Strength Training Flexes its Muscle in Health Clubs in 2023

Health club and gym members are turning to what they’ve missed during the past few years: strength training and other exercises they simply can’t do at home.

The pandemic brought a rise in several key fitness trends, including a sharp rise in online programming and wearables. Each year, the American College of Sports Medicine (ACSM) forecasts emerging trends. For 2023, we’re seeing a reshaping of sorts.

According to the ACSM’s user data:

  • In 2021, online training was number 1, wearables were number 2.

  • In 2022, wearables were number 1, home exercise gyms were number 2.

  • This year, the top trend to watch is, again, wearables, followed by strength training—number 4 in 2022 and 8 in 2021.

So, why are we seeing a renewed passion for strength training?

It might be, at least, in part, based on a pandemic “hangover” of sorts. When gyms began reopening, many had “the 6 feet rule” in place, so exercising in close quarters was discouraged. To some degree, members may not be ready to work out in close proximity to each other. Generally, strength training requires more floor space for an individual user, giving people the distance they want.

Another issue could well be FOMO—fear of missing out.

“During the pandemic, people did not have the luxury of having their favorite strength training machines and accessories in their home or apartment,” notes Ruben Mejia, executive vice president at SportsArt. “Some had access to a few dumbbells and/or kettlebells, but those exercises got boring really fast, and gains were typically limited.

“As soon as gyms started opening, people flocked to the strength machines to train on muscles they hadn’t been able to since the pandemic. They missed racking the weights and they missed adding variety to their workout.”

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To Ruben’s point, it seems that FOMO on the part of members drove the trends in general. Some programming, such as exercise for weight loss and health and wellness coaching, can easily be delivered online. What people missed were the types of exercise programs that don’t translate well to in-home fitness—many of these have a strength-training component—including:

  • bodyweight training,

  • fitness programs for older adults,

  • functional fitness training, and

  • high-intensity interval training (HIIT).

SportsArt is seeing clubs move fairly quickly to satisfy member demand around strength training’s growing popularity, says Ruben.

“The post-pandemic data is showing that member visits to clubs are 68% lower than they were in 2019, and that’s even with an estimated 30% fewer clubs than that year,” he says. “If the machines that members want to use aren’t always available, it’s only a matter of time before they reconsider their membership and go elsewhere. Clubs want happy members that want to keep going to the gym and stable membership numbers. Meeting member desires is one way to get there.”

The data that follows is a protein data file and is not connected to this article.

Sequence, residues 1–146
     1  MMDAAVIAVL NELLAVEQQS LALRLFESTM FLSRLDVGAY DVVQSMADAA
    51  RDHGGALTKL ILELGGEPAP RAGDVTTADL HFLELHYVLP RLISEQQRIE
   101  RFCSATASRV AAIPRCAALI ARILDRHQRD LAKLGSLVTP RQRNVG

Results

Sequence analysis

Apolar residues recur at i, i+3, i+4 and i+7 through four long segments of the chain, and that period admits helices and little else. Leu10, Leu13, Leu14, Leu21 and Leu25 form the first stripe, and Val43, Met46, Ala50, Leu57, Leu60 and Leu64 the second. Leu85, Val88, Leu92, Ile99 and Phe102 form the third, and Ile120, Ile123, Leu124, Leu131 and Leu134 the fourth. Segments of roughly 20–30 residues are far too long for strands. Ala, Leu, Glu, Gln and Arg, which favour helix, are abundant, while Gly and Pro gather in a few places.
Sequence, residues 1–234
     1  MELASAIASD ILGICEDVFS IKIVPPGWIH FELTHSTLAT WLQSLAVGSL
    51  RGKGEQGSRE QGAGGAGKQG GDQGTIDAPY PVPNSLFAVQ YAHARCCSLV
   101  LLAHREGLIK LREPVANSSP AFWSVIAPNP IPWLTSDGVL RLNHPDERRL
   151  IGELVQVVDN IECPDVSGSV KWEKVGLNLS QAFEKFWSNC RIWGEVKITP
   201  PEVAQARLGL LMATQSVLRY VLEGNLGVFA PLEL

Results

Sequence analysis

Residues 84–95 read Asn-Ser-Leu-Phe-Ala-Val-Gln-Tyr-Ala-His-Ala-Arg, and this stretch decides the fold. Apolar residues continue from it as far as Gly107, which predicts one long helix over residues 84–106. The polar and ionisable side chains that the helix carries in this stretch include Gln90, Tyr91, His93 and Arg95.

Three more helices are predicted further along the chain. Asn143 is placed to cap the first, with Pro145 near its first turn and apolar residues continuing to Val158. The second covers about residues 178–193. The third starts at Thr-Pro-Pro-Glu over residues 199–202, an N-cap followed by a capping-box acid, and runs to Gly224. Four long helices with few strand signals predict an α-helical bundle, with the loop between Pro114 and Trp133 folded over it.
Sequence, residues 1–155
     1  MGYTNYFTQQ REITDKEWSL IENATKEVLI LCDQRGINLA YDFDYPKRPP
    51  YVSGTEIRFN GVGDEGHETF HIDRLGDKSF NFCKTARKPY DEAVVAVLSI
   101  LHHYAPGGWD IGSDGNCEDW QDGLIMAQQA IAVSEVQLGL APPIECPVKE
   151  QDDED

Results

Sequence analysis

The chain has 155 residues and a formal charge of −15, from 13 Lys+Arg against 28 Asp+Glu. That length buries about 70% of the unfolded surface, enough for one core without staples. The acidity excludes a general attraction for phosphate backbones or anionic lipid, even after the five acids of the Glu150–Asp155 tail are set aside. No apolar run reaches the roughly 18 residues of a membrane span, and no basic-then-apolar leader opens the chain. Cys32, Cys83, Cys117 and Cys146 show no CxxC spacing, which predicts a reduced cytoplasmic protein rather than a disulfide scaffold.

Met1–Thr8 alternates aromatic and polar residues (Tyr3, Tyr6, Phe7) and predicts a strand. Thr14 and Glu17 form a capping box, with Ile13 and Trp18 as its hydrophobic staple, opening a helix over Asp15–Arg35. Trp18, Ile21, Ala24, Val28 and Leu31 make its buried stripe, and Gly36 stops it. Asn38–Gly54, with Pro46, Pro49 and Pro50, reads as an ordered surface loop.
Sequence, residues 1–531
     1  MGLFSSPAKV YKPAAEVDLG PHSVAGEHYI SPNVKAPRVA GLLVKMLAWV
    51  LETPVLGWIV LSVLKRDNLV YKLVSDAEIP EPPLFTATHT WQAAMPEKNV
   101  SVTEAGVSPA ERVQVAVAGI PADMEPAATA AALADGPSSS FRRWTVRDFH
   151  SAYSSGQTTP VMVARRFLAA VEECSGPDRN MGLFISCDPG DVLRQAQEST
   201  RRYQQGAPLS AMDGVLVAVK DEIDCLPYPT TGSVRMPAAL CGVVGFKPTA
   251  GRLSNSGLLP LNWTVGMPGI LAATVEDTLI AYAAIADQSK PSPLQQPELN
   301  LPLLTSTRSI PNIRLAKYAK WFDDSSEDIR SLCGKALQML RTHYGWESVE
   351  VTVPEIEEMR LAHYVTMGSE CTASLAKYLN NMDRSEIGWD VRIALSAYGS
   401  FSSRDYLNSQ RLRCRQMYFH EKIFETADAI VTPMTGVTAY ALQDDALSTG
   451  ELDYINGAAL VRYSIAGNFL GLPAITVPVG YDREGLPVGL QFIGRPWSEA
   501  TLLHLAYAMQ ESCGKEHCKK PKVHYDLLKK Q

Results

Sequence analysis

In-demand Strength Training Equipment

Ruben is seeing high demand for selectorized strength training equipment, in particular.

“Selectorized equipment is seeing among the highest demand because these are the machines that people are less likely to have in their home,” he says. “With these machines, members can work on isolating specific muscle groups at the gym—in small group training and with trainers—in ways that they can’t at home.”

For SportsArt, dual-function selectorized machines are becoming increasingly popular with its club customers.

“With dual-function machines, you can work on at least two different muscle groups in the same footprint as one machine with a simple adjustment,” he says. “For example, clubs would traditionally put two triceps extension machines next to two biceps curl machines. Now, a club can put four DF205s, our dual function biceps/triceps machines, side by side, and give their members up to four machines of the same type.”

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This solution also fits with what clubs are doing regarding layout. Ruben notes that SportsArt is seeing club customers utilize pre-pandemic spacing without the requirements for social distancing.

While people may never work out as closely together as they once did, clubs still need to accommodate members and the equipment they want, so making footprints as efficient as possible while being mindful of giving members space still matters.

Staying Safe When Strength Training

Beyond equipment, Ruben urges that clubs and members put safety first for strength training.

“When getting back into their strength training regimens, members should always start slowly and work their way back to full strength,” he says. “Members may think that they can immediately bench press close to their personal record or do as many lunges as they used to, but their bodies will tell them otherwise.

“We know that our customers always put members first, but we still always push a message about being cautious and reducing the risk of injury whenever we can. And we know our customers can easily support this with messaging in their clubs, newsletters, and social media posts.”

SportsArt offers a wide range of strength training equipment, including selectorized and plate-loaded machines, free weight and rack, and more. To learn more about all their lines, visit their website.

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Jon Feld

Jon Feld is a contributor to Club Business International.